“BEWARE OF FALSE PROPHETS WHO COME TO YOU IN SHEEP’S CLOTHING…”
“A GOOD TREE CANNOT BEAR BAD FRUIT, NOR CAN A BAD TREE BEAR GOOD FRUIT.”
“EVERY TREE THAT DOES NOT BEAR GOOD FRUIT IS CUT DOWN AND THROWN INTO THE FIRE.”
“THEREFORE BY THEIR FRUITS YOU WILL KNOW THEM.”
So, I ask today, what kind of fruit are we?
Jesus alerts us to “watch out for false prophets” in Matthew 7:15. He compares these false prophets to wolves in sheep’s clothing. Jesus also tells us how to identify these false prophets: we will recognize them by their fruit (Matthew 7:20).
Throughout the Bible, people are warned about false prophets (Ezekiel 13, Matthew 24:23–27, 2 Peter 3:3). False prophets claim to speak for God, but they speak falsehood. To gain a hearing, they come to people “in sheep’s clothing, but inwardly they are ferocious wolves” (Matthew 7:15). No matter how innocent and harmless these teachers appear on the outside, they have the nature of wolves—they are intent on destroying faith, causing spiritual carnage in the church, and enriching themselves. They “secretly introduce destructive heresies,” “bring the way of truth into disrepute,” and “exploit you with fabricated stories” (2 Peter 2:1–3).
The false teachers don “sheep’s clothing” so they can mingle with the sheep without arousing suspicion. They usually are not up front about what they believe; rather, they mix in some truth with their falsehood and carefully choose their words to sound orthodox. In reality, they “follow their own ungodly desires” (Jude 1:17–18), and “they never stop sinning; they seduce the unstable; they are experts in greed” (2 Peter 3:14).
By contrast, a true prophet teaches God’s Word fully (Deuteronomy 18:20). Wolves in sheep’s clothing twist God’s Word to deceive or influence the audience for their own purposes. Satan himself masquerades as an angel of light (2 Corinthians 11:14), and his ministers masquerade as servants of righteousness (2 Corinthians 11:15).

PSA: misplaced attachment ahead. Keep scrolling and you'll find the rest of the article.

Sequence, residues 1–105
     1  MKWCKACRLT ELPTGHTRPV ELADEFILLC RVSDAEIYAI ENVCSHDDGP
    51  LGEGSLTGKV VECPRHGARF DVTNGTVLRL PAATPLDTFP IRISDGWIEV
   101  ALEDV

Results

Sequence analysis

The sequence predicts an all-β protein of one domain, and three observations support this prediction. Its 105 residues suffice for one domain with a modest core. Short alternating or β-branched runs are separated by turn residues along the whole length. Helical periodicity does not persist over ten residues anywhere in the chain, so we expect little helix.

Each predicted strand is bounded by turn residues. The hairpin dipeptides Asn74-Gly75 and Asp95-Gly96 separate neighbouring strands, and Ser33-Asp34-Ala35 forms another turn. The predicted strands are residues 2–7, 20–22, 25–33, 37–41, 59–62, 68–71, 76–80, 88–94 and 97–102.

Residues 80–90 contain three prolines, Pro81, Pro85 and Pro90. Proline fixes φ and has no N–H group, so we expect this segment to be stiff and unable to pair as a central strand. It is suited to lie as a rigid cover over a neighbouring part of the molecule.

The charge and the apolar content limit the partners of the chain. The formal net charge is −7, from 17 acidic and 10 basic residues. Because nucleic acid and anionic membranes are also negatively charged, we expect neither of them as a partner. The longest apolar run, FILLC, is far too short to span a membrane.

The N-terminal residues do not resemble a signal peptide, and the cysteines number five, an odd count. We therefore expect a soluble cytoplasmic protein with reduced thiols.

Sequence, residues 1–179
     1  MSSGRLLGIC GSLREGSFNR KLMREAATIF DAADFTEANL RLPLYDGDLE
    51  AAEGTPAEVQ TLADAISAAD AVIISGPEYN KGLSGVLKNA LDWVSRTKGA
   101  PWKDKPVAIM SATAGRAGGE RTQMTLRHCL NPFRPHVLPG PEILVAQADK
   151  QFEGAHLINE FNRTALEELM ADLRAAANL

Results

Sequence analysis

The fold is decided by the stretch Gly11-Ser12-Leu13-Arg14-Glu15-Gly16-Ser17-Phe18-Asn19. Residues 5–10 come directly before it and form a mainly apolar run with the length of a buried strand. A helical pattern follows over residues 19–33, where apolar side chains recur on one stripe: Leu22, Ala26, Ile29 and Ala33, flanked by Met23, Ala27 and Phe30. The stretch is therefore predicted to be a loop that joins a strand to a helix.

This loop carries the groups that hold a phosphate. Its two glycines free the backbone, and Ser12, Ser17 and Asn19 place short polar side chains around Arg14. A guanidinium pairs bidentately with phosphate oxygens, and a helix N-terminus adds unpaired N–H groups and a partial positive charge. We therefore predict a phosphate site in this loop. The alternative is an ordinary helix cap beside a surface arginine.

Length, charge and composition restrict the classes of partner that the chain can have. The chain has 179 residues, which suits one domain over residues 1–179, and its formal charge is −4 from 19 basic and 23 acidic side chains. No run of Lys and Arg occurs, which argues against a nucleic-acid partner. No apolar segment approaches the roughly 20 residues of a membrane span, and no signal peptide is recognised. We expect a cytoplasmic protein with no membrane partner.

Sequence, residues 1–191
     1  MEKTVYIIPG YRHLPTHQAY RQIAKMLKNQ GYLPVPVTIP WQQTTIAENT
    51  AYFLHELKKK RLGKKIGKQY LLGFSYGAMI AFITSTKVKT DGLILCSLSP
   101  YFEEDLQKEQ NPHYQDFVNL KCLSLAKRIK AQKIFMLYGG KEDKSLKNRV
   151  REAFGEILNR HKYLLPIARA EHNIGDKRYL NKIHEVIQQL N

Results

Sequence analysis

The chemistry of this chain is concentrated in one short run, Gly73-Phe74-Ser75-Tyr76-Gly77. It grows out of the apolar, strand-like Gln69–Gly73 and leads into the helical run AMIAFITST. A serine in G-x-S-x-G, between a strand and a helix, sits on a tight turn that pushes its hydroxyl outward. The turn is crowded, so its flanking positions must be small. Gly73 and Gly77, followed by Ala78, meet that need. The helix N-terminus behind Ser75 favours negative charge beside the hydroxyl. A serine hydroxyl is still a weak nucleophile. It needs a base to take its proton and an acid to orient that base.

The best way to guard against wolves in sheep’s clothing is to heed the warnings of Scripture and know the truth. A believer who “correctly handles the word of truth” (2 Timothy 2:15) and carefully studies the Bible will be able to identify false prophets. Christians must judge all teaching against what Scripture says. Believers will also be able to identify false prophets by their fruit—their words, actions, and lifestyles. Jesus said, “A tree is recognized by its fruit” (Matthew 12:33; cf. Matthew 7:20). Peter described false teachers as having “depraved conduct” and who “carouse” as “slaves of depravity” (2 Peter 2:2, 13, 19). If a teacher in the church does not live according to God’s Word, he is one of those wolves in sheep’s clothing.
Here are three specific questions to identify false prophets, or wolves in sheep’s clothing:
1) What does the teacher say about Jesus? In John 10:30, Jesus says, “I and the Father are one.” The Jews understood Jesus’ statement as a claim to be God and wanted to stone him (John 10:33). Anyone who denies Jesus as Lord (1 John 4:1–3) is a false prophet.
2) Does the teacher preach the biblical gospel? Anyone who teaches an incomplete or unbiblical gospel is to be eternally condemned (Galatians 1:9). Any gospel apart from what the Bible tells us (1 Corinthians 15:1–4) is not the true good news.
3) Does this teacher exhibit godly character qualities? Jesus said to beware of teachers whose moral behavior does not match what the Bible says. He says we will know wolves in sheep’s clothing by their fruits (Matthew 7:15–20)
It doesn’t matter how large a church a preacher has, how many books he has sold, or how many people applaud him. If he “teaches a different doctrine and does not agree with the sound words of our Lord Jesus Christ and the teaching that accords with godliness,” then he is a wolf in sheep’s clothing (1 Timothy 6:3).